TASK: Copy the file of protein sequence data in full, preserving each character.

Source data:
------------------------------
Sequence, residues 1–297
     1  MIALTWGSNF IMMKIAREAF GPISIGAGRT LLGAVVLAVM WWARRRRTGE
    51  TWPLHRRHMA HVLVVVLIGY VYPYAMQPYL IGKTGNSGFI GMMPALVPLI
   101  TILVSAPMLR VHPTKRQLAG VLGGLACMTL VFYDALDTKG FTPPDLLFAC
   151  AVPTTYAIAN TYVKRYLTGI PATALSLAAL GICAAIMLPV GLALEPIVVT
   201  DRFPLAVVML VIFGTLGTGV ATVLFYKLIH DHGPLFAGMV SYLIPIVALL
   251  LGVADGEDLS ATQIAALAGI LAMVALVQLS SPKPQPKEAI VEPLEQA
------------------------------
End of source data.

Sequence, residues 1–297
     1  MIALTWGSNF IMMKIAREAF GPISIGAGRT LLGAVVLAVM WWARRRRTGE
    51  TWPLHRRHMA HVLVVVLIGY VYPYAMQPYL IGKTGNSGFI GMMPALVPLI
   101  TILVSAPMLR VHPTKRQLAG VLGGLACMTL VFYDALDTKG FTPPDLLFAC
   151  AVPTTYAIAN TYVKRYLTGI PATALSLAAL GICAAIMLPV GLALEPIVVT
   201  DRFPLAVVML VIFGTLGTGV ATVLFYKLIH DHGPLFAGMV SYLIPIVALL
   251  LGVADGEDLS ATQIAALAGI LAMVALVQLS SPKPQPKEAI VEPLEQA